ESPN has Russell Westbrook at number 69 on its list of the NBA’s most influential players ever: “It seemed no one would ever average a triple-double again — until Westbrook did last season. Only he and Oscar Robertson know how it feels to average more than 10 points, 10 rebounds and 10 assists for a season. But stats are not what makes Westbrook most special. Rather, it’s his relentless, powerful style of play from the point guard position — again, much like Robertson in his day.”
An updated playoff picture after last night’s losses by Denver and Minnesota: OKC remains locked in the four-seed, half a game up on New Orleans and San Antonio.
Brett Dawson on Paul George’s shooting slump: “Before the break, George was shooting six 3-pointers per game from above the break — the wings and the top of the key — and 1.7 from the corners. Since, he’s taking 5.9 above the break and 1.1 from the corners. George still is shooting well from the right corner — 38.5 percent after the break, compared to 44.8 percent before — but he’s struggled above the break, in his preferred shooting spots. Since the All-Star break, George is shooting 26.3 percent on above-the-break 3-pointers. Before the All-Star break, he shot 42.9 percent.”
Tim Bontemps (WaPo) on Carmelo Anthony being unable to be a supporting player: “Has he successfully adjusted? The answer has to be no. For the first time in his career, that’s not happening. According to Synergy Sports data, Anthony is using 23.9 percent of his possessions in spot-up opportunities. That is, by far, the biggest percentage of his career, his previous high being 15.4 percent. It’s also the first time his top play type isn’t either isolations or post-ups. Meanwhile, he’s shooting just 36.8 percent (105 for 285) on those spot-up opportunities.”
Grant Hughes (B/R) on the Melo Problem being more perception than reality: “Has he really been all that disappointing? Because what should any of us have reasonably expected? Given the conspicuousness of his shortcomings, on full display in Sunday’s loss, it’ll sound strange to hear that what Anthony’s done this season lines up with what we should have seen coming. His 2017-18 exploits can only qualify as a failure if you thought he was, at 33 and coming off several seasons of pronounced decline, going to become something more than he’d been before. Anthony has been slipping for five years, and the knee surgery that cost him half the 2014-15 season accelerated the slide. Effective field-goal percentage, free-throw rate, usage percentage, player efficiency rating — all trending downward since 2012-13.”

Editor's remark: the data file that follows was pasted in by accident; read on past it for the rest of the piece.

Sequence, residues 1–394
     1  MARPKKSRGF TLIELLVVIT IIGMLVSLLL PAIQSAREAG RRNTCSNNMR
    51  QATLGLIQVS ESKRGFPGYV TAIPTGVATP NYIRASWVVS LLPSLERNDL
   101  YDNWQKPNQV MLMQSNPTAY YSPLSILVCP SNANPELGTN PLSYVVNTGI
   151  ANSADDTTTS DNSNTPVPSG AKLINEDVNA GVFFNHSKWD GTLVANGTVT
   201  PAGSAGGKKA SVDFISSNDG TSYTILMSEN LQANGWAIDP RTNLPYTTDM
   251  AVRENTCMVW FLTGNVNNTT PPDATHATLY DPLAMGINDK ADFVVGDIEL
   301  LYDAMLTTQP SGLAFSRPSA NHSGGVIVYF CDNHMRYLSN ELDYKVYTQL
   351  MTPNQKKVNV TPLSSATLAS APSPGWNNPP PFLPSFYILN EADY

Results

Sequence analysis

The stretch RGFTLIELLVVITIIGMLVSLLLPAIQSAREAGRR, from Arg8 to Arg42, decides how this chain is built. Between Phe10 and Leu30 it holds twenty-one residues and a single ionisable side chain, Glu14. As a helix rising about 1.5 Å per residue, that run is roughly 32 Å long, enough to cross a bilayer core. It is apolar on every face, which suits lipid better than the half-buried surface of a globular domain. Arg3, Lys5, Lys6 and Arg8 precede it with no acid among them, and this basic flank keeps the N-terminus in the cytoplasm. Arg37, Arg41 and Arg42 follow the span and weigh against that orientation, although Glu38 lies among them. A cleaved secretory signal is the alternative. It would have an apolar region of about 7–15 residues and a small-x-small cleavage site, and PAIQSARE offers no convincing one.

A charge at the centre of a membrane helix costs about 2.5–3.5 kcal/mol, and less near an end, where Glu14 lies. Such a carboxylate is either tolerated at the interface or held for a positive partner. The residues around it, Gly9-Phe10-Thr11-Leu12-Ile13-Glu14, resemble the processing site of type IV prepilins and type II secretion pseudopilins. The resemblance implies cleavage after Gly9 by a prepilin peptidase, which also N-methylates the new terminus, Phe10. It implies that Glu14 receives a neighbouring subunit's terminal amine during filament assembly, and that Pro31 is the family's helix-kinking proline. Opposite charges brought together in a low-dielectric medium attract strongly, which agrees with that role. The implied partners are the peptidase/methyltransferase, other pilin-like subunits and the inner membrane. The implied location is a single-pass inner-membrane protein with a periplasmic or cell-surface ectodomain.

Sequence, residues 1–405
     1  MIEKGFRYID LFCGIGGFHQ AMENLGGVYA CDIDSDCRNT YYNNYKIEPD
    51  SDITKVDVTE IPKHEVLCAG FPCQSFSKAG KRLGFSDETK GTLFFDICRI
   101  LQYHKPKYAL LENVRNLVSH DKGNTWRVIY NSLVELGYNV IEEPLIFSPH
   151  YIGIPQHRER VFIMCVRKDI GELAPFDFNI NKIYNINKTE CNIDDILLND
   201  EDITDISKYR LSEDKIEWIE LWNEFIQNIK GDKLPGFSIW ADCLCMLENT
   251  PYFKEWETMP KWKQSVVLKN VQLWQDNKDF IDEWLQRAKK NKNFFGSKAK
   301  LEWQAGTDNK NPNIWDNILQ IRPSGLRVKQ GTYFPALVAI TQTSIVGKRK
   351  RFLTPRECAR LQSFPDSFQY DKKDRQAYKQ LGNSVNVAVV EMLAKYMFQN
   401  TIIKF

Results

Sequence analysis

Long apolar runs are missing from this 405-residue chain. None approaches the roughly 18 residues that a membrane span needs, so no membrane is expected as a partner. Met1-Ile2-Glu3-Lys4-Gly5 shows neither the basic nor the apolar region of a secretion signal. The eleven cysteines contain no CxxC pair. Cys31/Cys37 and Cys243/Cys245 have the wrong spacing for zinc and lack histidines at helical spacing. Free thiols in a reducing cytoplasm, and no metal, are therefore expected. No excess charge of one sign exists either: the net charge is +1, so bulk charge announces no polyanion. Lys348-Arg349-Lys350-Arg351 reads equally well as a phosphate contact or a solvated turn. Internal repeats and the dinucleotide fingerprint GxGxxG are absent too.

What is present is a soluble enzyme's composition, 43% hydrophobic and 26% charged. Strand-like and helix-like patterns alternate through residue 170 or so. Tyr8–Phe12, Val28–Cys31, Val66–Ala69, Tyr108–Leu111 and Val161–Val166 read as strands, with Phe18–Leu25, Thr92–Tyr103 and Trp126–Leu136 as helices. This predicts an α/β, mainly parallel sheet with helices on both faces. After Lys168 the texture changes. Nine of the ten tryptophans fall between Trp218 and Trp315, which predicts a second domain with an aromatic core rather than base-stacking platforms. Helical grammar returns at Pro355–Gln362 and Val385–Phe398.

Josh Planos (WaPo) on it being time to bring Carmelo Anthony off the bench: “In the 513 minutes the team has played with Westbrook on the floor and Anthony on the bench, according to NBAWowy, Oklahoma City has an offensive rating of 111.1 and a defensive rating of 101.5, which would rank fifth and second, respectively, if maintained over an entire season. The team currently ranks ninth in both metrics. Westbrook, for obvious reasons, garners a lion’s share of the offensive possessions when he’s on the floor. Anthony has cultivated a career out of needing to have the ball in his hands, which isn’t tenable with Westbrook running the show. And since Anthony isn’t a knockdown perimeter shooter, he mostly idles while Westbrook runs the offense. But when Westbrook sits, Anthony can lead the second unit. With Westbrook on the bench, according to NBAWowy, Anthony’s personal usage rate spikes from 23 percent to 40 percent, and his true-shooting percentage jumps from 50 to 53.”
Fred Katz breaks down the Thunder’s after-timeout plays: “The Thunder have found success this year on Donovan’s ATOs, averaging 94.9 points per 100 possessions on those plays, which ranks 10th in the NBA, per Synergy Sports. It’s a significant jump from Oklahoma City’s half-court offense, which is 21st in the league in points per 100, according to Synergy. “I yell a play call off the bench, OK, and it works the first time and I come down and yell it again, it’s going to be really hard to make it work again,” Donovan said. “There’s got to be some element of — I don’t want to say surprise, but there’s got to be an element of randomness. There’s got to be multiple options.”
ESPN has the Thunder seventh in its latest power rankings: “Should there be a shake-up to OKC’s end-of-game strategy? Carmelo Anthony went 0-for-4 with a turnover down the stretch of Sunday’s loss, and on the season is now shooting under 30 percent in clutch time despite ranking second on the team in clutch-time attempts. Over the past three seasons, there are 100 instances of a player attempting at least 60 shots in the final five minutes and the score within five. Anthony this season is the only one of them to shoot under 30 percent.”
Erik Horne on Paul George and Terrance Ferguson’s new Gatorade commercials: “Look at Paul George spreading the advertising love with Terrance Ferguson. The Thunder forward has brought along the rookie guard for his latest commercial for Gatorade Flow. In the spot, George describes Gatorade Flow as “real smooth”, and Ferguson makes the mistake of questioning why George always says that.”
New Mr. Presti’s Neighborhood Podcast: “On episode 34, host Brandon Rahbar is joined by the head cheese of DailyThunder.com and Up the Thunder, Weston Shepherd, as well as Daily Thunder’s 5th or 6th best contributor, John Napier. Discussing OKC vs Portland, the Thunder’s Melo problem, potential playoff match-ups, and more.”
Around the League: Markelle Fultz returned for the Sixers…. Isaiah Thomas has left the Lakers to get his hip evaluated…. John Wall is still unsure of when he will return from injury…. A G-Leaguer passed away after collapsing on the court…. Enes Kanter believes his Turkish political views impact his endorsements.